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Learning to Listen to Jesus!

The phrase “a familiar friendship with Jesus” is apparently from the pen of Thomas a Kempis who encouraged his hearers to enjoy an everyday experience of the Lord.

Richard Foster in his excellent book, “Sanctuary of the Soul - A Journey into Meditative prayer" says that if “we experience the perpetual presence of the Lord…not just as theological dogma but as radiant reality, “He walks with me and talks with me” ceases to be pious jargon and instead becomes a straightforward description of daily life. The reality I speak of is akin to what the disciples felt in the upper room when they experienced both intense intimacy and awe-full reverence”. This seems to align with the intimacy that Jesus Himself seeks from His people as recorded in Revelation 3:20, where Jesus presents Himself as waiting, standing at the door of our hearts and knocking so that “If anyone hears my voice and opens the door”, He will “come in and eat with that person, and they with me”. The onus is upon us! The opening of the door to deeper, more intimate fellowship with Jesus is up to us. We must be ready and willing to take that step that unlocks the door and let Jesus in. He will not force His way into the heart of an unwilling host! We must not however underestimate the difficulty that confronts us when determining to let Jesus in t

o the door of our hearts. John Flavel, the Puritan minister and theologian said “The heart of man is his worst part before it is regenerated, and the best afterward; it is the seat of principles, and the fountain of actions. The eye of God is, and the eye of the Christian ought to be principally fixed upon it. The greatest difficulty in conversion, is to win the heart to God; and the greatest difficulty after conversion, is to keep the heart with God…Heart work is hard work indeed.” (On Keeping the Heart). Heart work is hard work, but the transformation of the heart is crucially God’s work! Only He can transform the heart and make it a “dwelling in which God lives by his Spirit.” (Eph 2:22).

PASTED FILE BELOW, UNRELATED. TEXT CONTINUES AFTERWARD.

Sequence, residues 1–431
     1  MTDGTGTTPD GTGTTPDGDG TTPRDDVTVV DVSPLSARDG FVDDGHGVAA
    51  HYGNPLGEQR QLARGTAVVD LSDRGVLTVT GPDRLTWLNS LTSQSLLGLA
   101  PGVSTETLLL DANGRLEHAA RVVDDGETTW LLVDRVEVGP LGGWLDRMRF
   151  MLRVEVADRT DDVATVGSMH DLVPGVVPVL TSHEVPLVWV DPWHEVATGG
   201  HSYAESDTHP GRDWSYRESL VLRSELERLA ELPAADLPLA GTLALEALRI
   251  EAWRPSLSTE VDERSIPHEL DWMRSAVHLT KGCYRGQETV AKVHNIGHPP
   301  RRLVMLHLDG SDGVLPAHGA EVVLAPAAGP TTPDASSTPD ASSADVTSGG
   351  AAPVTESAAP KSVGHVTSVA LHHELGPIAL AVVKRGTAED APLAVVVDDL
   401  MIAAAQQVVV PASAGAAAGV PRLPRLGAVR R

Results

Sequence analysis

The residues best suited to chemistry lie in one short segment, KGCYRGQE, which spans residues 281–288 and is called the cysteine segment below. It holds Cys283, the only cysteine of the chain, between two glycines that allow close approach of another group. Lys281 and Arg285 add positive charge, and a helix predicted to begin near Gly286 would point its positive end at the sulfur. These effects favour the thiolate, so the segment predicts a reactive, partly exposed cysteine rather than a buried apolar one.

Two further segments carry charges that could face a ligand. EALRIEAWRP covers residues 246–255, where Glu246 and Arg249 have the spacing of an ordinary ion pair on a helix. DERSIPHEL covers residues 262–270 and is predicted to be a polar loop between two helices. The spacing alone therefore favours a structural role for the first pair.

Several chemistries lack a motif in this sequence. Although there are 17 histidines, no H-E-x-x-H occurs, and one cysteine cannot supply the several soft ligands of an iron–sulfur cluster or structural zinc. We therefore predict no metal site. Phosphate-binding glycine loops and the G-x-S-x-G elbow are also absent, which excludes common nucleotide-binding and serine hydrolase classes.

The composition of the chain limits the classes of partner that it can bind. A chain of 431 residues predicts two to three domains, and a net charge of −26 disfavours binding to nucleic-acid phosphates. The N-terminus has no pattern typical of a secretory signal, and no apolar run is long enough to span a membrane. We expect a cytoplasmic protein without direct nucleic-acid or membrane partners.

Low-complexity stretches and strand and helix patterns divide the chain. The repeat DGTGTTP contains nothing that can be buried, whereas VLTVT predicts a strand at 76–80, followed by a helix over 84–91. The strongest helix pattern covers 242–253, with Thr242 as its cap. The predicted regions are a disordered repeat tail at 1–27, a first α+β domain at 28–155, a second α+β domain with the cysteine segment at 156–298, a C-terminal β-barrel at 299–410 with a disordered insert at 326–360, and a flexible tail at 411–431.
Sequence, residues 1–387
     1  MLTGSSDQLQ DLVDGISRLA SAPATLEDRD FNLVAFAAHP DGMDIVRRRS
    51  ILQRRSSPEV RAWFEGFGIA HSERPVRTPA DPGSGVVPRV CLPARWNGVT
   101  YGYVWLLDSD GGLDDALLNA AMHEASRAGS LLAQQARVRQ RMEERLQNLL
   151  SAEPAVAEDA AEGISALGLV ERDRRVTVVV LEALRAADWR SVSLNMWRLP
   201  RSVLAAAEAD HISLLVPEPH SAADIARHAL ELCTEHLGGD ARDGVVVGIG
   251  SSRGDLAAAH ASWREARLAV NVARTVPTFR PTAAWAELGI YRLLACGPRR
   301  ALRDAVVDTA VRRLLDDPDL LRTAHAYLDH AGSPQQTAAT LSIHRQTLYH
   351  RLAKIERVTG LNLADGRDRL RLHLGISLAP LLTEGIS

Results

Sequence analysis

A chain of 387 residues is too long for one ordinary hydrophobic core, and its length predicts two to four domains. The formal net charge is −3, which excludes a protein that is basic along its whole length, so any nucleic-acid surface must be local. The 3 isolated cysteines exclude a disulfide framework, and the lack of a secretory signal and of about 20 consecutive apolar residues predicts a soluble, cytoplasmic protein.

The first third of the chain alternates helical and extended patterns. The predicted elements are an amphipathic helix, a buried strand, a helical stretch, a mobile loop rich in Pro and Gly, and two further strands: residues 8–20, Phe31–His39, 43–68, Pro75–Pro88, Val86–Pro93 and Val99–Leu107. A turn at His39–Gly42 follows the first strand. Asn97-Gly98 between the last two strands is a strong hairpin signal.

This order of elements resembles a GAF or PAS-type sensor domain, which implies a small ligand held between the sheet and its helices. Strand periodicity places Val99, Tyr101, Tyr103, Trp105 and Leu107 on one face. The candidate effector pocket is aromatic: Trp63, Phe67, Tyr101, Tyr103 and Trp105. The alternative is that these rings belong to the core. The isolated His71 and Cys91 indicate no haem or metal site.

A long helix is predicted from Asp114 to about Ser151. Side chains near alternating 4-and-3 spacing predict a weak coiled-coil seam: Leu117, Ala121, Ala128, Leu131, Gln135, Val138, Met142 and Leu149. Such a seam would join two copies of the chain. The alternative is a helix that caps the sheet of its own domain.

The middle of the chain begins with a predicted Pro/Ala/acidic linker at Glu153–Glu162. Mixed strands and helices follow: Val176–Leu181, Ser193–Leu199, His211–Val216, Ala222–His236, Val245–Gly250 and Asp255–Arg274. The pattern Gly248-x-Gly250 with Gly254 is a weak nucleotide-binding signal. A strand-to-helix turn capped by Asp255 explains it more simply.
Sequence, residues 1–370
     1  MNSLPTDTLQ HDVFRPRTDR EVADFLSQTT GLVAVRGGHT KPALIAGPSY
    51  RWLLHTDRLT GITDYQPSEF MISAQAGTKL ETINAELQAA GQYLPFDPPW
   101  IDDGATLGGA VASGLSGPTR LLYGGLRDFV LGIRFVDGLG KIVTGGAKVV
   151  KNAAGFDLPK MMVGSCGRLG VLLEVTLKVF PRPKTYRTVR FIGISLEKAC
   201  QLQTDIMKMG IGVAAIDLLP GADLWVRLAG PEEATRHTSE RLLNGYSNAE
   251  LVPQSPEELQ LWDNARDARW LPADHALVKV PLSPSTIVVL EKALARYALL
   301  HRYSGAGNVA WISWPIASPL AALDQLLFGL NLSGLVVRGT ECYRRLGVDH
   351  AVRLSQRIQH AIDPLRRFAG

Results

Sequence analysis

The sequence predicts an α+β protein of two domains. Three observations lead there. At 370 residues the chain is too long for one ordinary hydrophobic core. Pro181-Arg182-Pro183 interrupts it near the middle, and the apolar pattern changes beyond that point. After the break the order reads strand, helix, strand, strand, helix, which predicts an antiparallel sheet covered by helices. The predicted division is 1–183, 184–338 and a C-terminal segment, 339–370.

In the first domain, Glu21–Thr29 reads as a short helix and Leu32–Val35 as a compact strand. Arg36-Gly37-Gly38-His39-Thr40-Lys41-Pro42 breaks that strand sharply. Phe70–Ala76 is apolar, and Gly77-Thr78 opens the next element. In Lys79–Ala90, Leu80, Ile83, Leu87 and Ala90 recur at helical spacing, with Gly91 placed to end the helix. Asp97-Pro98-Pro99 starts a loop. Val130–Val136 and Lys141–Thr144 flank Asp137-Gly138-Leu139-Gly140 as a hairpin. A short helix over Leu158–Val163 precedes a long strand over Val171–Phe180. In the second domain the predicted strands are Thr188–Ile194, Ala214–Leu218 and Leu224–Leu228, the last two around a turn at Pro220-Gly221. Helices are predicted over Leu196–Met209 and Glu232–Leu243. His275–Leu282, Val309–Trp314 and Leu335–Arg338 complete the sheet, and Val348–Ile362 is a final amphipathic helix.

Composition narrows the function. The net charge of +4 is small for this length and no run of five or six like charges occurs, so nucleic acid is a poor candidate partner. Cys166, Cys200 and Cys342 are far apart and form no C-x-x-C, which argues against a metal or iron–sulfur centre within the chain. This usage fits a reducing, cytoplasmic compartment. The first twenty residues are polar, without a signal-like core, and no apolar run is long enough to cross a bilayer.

Do we seek a familiar friendship with Jesus? Are we eager to know Jesus at this intimate level? Let us then use the prayer of the Psalmist, “Search me, God, and know my heart; test me and know my anxious thoughts. See if there is any offensive way in me, and lead me in the way everlasting” (139:27,28). to use the language of the old hymn writer: "O come to my heart, Lord Jesus! There is room in my heart for Thee."

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